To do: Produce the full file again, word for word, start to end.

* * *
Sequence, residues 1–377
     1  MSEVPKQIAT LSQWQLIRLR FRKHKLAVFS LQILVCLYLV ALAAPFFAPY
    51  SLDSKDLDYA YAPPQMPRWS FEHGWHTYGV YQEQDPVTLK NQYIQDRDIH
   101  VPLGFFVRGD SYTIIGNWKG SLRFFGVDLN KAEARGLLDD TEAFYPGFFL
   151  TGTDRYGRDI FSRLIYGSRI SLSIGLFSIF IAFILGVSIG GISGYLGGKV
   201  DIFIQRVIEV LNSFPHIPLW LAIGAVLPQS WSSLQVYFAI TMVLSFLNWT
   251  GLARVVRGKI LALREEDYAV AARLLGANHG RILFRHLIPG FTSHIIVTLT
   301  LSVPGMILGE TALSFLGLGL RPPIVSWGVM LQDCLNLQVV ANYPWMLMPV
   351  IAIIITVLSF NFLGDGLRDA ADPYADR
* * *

Sequence, residues 1–377
     1  MSEVPKQIAT LSQWQLIRLR FRKHKLAVFS LQILVCLYLV ALAAPFFAPY
    51  SLDSKDLDYA YAPPQMPRWS FEHGWHTYGV YQEQDPVTLK NQYIQDRDIH
   101  VPLGFFVRGD SYTIIGNWKG SLRFFGVDLN KAEARGLLDD TEAFYPGFFL
   151  TGTDRYGRDI FSRLIYGSRI SLSIGLFSIF IAFILGVSIG GISGYLGGKV
   201  DIFIQRVIEV LNSFPHIPLW LAIGAVLPQS WSSLQVYFAI TMVLSFLNWT
   251  GLARVVRGKI LALREEDYAV AARLLGANHG RILFRHLIPG FTSHIIVTLT
   301  LSVPGMILGE TALSFLGLGL RPPIVSWGVM LQDCLNLQVV ANYPWMLMPV
   351  IAIIITVLSF NFLGDGLRDA ADPYADR